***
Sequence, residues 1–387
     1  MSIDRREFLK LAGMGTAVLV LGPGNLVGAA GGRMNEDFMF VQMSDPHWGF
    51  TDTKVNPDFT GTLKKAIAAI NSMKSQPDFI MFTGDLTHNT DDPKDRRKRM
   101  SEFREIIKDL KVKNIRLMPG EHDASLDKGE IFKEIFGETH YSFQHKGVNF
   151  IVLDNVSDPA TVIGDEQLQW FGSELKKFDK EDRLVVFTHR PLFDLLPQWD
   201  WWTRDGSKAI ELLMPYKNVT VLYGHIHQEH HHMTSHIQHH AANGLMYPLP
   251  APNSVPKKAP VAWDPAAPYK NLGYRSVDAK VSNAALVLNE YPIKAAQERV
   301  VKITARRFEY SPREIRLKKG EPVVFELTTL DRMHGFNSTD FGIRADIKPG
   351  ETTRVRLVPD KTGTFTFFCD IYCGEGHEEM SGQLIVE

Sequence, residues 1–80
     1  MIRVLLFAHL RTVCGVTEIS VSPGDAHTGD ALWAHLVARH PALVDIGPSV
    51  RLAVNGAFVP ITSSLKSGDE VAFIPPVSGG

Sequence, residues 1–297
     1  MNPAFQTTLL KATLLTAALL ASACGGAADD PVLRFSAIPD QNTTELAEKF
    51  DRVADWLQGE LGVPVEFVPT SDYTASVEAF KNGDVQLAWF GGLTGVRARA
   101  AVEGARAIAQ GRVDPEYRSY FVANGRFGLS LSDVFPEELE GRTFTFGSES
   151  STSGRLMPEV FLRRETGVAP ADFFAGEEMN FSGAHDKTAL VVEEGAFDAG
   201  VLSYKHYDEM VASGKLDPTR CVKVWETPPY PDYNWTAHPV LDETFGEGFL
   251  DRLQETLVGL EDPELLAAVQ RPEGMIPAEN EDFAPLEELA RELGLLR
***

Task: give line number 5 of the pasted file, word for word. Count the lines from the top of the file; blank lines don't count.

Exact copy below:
   151  IVLDNVSDPA TVIGDEQLQW FGSELKKFDK EDRLVVFTHR PLFDLLPQWD